“Theft, Kaado – what does this have to do with theft?”
“Yes, yes I am getting to that part – the detail is important, Treen, or have I never taught you that?”
Kaado frowns but continues without further remonstration. “It still took us another couple of weeks, and I made further, slightly more discreet, enquiries with affiliates to the Arcane Council – never directly of course. We were certain by this point that you were being held by what we thought of as a rival krewe and I decided to take action. I bluffed my way in, confronted Qwaug and – so to speak – came to your rescue.”
“Yes.” Kaado holds up his hands. “Now you have to understand, at first we believed this to be a subversive tactic undertaken by another krewe to obtain proprietary data. Yet it was a day or so after your release I started to realise the picture was incomplete. There was nothing wrong with the theory around your capture – but this failed to explain why my interactions with some had tweaked a few ears.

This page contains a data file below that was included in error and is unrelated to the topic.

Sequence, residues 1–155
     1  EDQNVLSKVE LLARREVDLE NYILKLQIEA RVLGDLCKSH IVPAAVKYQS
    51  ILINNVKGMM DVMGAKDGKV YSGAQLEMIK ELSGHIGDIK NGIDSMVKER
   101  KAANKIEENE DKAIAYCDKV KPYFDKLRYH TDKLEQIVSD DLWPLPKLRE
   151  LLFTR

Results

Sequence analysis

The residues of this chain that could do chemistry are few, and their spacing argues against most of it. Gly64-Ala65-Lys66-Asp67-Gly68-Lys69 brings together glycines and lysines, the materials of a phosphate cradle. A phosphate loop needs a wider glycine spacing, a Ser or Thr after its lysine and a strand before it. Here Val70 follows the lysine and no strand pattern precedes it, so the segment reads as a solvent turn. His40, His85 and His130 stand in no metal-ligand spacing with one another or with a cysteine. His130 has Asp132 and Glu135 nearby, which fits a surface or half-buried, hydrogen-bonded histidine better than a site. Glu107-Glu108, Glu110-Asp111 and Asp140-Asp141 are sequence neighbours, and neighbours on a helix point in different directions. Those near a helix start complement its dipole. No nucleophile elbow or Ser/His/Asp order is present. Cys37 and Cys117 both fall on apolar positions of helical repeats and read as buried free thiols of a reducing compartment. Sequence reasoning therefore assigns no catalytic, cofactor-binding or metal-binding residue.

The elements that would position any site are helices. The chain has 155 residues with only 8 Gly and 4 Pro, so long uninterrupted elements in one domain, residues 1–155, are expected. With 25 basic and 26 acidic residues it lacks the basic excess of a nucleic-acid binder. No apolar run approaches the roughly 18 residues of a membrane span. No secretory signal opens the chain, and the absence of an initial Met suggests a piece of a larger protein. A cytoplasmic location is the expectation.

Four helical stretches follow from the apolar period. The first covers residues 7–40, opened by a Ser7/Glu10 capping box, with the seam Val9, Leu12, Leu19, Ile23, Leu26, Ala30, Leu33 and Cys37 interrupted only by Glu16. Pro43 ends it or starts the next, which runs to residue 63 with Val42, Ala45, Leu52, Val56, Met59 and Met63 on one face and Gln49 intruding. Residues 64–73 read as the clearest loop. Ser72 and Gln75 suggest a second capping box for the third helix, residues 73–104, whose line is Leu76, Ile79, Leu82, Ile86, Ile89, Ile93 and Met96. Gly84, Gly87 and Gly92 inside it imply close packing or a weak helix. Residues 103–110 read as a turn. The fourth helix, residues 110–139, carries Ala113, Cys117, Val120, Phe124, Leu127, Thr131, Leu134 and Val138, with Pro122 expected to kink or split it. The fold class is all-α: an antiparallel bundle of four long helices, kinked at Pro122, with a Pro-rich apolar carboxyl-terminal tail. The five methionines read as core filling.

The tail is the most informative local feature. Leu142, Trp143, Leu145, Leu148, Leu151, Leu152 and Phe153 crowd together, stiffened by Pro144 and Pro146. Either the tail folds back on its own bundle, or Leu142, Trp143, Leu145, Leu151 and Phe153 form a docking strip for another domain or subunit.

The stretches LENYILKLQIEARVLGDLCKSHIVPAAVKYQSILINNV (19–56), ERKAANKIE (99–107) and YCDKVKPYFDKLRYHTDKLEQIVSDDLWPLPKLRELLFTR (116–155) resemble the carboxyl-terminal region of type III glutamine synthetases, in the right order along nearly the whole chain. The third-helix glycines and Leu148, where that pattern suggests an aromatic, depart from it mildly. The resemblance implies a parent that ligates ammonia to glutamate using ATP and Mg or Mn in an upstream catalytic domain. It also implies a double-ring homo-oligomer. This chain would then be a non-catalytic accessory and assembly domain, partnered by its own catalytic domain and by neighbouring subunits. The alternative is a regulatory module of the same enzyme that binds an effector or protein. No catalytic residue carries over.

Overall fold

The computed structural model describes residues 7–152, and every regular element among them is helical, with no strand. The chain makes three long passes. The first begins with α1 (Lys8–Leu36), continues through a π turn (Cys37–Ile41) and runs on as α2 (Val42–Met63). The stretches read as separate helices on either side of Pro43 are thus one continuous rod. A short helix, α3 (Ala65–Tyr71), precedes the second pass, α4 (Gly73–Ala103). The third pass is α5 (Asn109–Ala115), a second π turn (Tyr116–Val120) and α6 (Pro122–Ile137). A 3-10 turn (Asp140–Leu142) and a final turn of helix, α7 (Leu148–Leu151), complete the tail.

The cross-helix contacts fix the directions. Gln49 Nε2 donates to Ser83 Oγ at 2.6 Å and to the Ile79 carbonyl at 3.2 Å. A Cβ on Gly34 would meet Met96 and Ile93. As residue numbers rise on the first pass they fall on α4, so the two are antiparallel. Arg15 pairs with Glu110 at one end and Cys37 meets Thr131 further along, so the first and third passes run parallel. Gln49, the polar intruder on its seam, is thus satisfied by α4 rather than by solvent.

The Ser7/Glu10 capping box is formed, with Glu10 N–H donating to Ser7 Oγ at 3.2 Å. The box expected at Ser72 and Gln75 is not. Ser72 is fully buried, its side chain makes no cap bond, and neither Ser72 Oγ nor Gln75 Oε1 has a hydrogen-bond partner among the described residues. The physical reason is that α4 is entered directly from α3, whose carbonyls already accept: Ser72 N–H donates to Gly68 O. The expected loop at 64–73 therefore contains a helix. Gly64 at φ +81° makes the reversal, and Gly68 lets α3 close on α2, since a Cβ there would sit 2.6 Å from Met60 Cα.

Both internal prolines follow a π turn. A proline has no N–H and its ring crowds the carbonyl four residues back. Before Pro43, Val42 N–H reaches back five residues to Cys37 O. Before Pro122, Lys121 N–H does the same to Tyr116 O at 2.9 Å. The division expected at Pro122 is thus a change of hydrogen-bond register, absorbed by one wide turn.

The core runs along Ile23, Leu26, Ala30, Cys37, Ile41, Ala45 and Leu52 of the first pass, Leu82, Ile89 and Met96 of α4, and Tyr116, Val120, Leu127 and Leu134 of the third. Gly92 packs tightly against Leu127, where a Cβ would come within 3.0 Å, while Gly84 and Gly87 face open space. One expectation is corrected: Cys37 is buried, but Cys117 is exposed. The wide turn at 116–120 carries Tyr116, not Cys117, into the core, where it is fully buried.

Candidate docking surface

“This morning we confronted Qwaug’s lackey. Along with a couple of krewe members, we detained him before he could get to his lab and, following some initial persuasion, elicited particularly interesting information. It transpires that Qwaug was never interested in our krewe, only you. You see, Qwaug’s krewe happen to be an insignificant sort as far as furthering asuran development goes, or you could say are utterly unknown. Logically – apparently – this gave them an advantage when tasked with carrying out an investigation on behalf of one, maybe more, members of the Arcane Council.”